Collections of old things long dead


NAME: Aegasteroceras affsagittarium   AGE: Jurassic
FORMATION: Frodingham ironstone
FOUND: England

How do you know when you career is over; well it is a pretty good sign when you are ready for you own museum.  A museum can provide the trappings of old and fading entertainers  to get one last chance to earn a little cash and satisfy the cravings of a performer for the attention and the fans for their hero – that is if someone is willing to put up some cash to create a museum for them.  Las Vegas is the perfect place for such shrines. Not long ago I wrote about the end of the Liberace museum and the end of his career alive and dead.  Liberace’s career is over so long ago that even his museum’s career is over – a hundred people gathered this week in the Las Vegas street outside the museum to protest its closing.

Within a day, a new fossilizing entertainer stepped up to take over Liberace’s slot with his own museum; Wayne Newton wants to build a museum and theater near his “ranch” and conduct tours of the ranch as part of a new era in Wayne Newton’s Danke Schön world.  One has to give him credit though, he no longer thinks he can draw crowds of thousands, so he is only planning an intimate 600-seat theater; it will allow Newton and his loyal fans to reach out and touch each other, as long as they both survive.  Newton’s  career spans some 50 years, and while it was not always centered in Las Vegas, the town is now a major part of his persona and at one time he was said to be part of persona of Las Vegas and thus he became Mr. Las Vegas.  So it is no surprise that he is trying to hold on to a last little bit of fame and attention in the town where he has been so successful.  And now he is getting ready to join the legends that went before him; The king is dead long live the king – Liberace, Elvis and Newton are marching on, but the parade is nearing the end – who do you suppose might be next to join them?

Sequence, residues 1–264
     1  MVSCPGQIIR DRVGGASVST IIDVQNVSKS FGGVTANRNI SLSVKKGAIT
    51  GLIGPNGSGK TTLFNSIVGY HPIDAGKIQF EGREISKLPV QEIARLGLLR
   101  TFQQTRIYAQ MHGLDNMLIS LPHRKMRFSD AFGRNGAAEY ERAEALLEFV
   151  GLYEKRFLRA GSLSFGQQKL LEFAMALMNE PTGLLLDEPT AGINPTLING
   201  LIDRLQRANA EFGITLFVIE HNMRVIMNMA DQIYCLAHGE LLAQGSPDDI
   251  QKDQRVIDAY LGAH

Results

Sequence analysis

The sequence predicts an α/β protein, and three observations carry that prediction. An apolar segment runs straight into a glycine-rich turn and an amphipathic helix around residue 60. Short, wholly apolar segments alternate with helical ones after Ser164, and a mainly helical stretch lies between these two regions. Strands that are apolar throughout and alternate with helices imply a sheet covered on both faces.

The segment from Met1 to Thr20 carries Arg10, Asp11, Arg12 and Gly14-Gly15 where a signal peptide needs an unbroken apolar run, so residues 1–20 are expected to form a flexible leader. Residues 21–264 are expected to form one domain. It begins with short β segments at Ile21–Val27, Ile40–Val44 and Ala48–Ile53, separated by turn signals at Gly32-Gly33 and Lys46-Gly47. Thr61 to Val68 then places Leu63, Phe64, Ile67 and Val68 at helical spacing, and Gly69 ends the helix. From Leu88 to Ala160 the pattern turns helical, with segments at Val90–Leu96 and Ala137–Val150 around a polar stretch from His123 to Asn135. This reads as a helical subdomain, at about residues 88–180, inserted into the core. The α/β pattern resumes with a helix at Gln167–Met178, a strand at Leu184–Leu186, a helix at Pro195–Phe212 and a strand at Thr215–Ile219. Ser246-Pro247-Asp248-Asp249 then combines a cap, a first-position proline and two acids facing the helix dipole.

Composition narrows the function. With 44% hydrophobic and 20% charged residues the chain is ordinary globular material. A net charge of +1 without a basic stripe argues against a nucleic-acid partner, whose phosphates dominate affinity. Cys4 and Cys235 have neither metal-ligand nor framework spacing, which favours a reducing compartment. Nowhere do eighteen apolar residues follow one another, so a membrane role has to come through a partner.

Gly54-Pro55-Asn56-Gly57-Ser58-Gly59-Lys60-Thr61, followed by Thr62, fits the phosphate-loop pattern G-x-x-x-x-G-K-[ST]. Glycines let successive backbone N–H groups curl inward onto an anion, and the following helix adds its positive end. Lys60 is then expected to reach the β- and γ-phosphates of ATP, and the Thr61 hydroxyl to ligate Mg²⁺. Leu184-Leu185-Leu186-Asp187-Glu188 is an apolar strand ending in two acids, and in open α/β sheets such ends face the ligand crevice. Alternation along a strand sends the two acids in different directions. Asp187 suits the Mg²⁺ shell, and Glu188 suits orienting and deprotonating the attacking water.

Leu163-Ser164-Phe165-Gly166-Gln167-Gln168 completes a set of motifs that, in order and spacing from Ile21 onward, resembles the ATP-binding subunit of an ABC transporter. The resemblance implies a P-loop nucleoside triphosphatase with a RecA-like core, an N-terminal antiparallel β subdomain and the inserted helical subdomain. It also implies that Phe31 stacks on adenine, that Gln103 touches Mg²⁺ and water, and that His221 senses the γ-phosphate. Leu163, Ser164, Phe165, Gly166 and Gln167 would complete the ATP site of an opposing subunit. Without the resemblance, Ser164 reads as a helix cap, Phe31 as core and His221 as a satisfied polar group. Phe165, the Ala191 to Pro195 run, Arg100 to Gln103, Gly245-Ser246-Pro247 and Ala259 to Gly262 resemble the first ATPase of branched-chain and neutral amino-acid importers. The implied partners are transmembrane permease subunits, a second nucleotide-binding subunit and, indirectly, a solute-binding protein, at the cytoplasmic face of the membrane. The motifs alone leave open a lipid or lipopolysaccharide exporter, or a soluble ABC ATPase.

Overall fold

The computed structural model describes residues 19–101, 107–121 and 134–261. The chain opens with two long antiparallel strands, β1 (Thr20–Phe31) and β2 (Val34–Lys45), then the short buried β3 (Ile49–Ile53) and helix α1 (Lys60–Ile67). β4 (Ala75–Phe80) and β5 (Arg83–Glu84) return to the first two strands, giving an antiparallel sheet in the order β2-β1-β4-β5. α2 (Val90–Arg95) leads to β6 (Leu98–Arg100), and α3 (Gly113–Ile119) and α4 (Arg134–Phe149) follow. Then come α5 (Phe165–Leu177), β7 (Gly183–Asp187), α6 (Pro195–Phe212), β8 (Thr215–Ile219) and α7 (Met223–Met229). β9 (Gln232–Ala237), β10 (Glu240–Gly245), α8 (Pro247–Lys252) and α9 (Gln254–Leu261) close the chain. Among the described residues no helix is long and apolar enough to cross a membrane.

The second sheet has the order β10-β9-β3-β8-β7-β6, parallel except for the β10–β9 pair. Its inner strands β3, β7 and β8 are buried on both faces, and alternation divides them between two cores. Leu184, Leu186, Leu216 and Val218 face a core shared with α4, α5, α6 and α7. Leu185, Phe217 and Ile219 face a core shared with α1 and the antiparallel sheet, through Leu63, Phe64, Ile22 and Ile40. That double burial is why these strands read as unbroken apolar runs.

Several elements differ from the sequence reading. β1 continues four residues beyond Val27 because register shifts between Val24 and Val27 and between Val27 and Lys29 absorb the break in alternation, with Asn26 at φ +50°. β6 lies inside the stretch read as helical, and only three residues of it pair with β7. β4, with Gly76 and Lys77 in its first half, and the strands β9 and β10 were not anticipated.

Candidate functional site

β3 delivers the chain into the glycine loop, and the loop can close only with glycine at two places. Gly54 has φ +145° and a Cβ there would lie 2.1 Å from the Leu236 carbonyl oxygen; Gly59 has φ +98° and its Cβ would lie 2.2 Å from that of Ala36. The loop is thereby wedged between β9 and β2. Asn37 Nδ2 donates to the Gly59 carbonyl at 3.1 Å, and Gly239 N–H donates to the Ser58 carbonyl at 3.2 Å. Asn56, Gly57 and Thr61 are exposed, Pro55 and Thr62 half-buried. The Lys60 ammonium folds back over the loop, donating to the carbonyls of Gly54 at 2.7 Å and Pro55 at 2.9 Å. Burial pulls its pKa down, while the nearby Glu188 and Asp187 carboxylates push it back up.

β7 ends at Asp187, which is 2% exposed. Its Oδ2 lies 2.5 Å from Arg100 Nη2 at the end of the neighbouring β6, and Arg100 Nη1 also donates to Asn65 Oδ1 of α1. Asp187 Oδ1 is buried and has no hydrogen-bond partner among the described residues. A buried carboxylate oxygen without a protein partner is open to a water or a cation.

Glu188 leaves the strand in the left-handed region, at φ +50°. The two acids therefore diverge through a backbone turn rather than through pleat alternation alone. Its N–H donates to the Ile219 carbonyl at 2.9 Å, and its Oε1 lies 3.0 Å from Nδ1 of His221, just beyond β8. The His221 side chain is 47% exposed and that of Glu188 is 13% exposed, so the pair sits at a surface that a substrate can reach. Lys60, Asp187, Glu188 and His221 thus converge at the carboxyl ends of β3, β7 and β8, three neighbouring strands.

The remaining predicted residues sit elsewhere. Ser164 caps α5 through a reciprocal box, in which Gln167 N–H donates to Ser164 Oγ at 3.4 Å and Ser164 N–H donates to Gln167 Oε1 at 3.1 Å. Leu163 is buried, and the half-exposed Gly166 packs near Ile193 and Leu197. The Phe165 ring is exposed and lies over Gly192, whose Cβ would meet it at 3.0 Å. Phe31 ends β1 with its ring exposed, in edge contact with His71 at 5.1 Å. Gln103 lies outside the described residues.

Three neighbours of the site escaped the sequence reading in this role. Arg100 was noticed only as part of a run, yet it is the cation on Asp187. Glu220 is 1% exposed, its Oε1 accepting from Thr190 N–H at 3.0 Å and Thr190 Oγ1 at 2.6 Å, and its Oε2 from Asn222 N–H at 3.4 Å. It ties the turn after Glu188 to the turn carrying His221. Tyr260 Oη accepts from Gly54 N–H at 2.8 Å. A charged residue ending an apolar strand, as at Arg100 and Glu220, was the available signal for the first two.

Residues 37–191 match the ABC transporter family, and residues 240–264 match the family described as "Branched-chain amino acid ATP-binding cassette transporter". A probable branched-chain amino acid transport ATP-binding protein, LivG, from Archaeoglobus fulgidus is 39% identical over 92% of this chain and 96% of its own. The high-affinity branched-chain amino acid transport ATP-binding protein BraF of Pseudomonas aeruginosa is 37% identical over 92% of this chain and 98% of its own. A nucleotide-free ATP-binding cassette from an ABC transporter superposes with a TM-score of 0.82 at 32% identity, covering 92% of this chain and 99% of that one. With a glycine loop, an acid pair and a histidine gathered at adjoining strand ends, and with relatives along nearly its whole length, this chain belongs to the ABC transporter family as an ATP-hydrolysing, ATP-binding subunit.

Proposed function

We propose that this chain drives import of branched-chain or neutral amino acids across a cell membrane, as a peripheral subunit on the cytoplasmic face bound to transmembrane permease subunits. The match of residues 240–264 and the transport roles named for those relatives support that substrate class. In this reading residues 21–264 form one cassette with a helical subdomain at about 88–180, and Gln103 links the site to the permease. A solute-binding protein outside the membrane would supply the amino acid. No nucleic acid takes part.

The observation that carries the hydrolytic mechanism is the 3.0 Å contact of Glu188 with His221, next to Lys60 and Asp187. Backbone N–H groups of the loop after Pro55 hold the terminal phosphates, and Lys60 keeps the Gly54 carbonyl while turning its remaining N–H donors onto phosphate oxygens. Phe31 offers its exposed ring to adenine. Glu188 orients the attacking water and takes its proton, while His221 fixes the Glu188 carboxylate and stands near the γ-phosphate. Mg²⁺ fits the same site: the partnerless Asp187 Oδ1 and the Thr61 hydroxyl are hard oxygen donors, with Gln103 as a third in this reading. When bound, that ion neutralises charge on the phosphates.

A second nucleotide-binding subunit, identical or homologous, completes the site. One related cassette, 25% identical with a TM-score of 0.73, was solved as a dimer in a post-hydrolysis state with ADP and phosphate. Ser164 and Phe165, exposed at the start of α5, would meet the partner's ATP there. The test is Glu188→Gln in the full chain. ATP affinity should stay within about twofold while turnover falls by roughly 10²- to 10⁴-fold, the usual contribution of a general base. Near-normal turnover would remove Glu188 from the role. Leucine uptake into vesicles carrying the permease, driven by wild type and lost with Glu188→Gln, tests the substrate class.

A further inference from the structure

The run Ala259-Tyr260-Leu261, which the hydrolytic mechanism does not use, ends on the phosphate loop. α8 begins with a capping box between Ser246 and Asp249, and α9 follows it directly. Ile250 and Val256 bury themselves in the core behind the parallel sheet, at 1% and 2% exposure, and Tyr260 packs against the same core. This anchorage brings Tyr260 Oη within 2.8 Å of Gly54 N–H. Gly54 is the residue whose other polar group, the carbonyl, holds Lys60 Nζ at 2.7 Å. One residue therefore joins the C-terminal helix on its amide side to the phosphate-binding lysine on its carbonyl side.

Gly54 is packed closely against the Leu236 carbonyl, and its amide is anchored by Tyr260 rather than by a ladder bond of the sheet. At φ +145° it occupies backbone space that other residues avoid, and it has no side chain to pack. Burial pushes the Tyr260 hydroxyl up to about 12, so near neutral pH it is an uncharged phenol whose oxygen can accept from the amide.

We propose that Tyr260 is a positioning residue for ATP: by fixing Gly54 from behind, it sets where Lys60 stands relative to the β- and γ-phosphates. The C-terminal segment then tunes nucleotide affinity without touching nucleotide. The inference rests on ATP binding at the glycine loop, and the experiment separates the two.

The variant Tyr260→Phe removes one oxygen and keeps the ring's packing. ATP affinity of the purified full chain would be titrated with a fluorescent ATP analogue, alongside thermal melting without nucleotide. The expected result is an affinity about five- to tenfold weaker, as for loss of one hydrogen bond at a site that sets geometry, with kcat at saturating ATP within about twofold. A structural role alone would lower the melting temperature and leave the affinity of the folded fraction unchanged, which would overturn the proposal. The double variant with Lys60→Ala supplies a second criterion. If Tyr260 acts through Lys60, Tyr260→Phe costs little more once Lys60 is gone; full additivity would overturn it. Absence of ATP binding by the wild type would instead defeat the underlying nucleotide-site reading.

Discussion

In other museum news, the Mob Museum has lost its state funding – it seems in times of economic downturn there is no money for celebrating the guys with guns and cash that once ruled the Strip.  The museum, which is expected to cost about $42 million to construct, is being funded through a variety of sources: local, state and federal grants, matching grants and the city’s redevelopment agency.  The state funding was not a big component, but my guess is lots of people will have better things to do with their money in these times.

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September 2010
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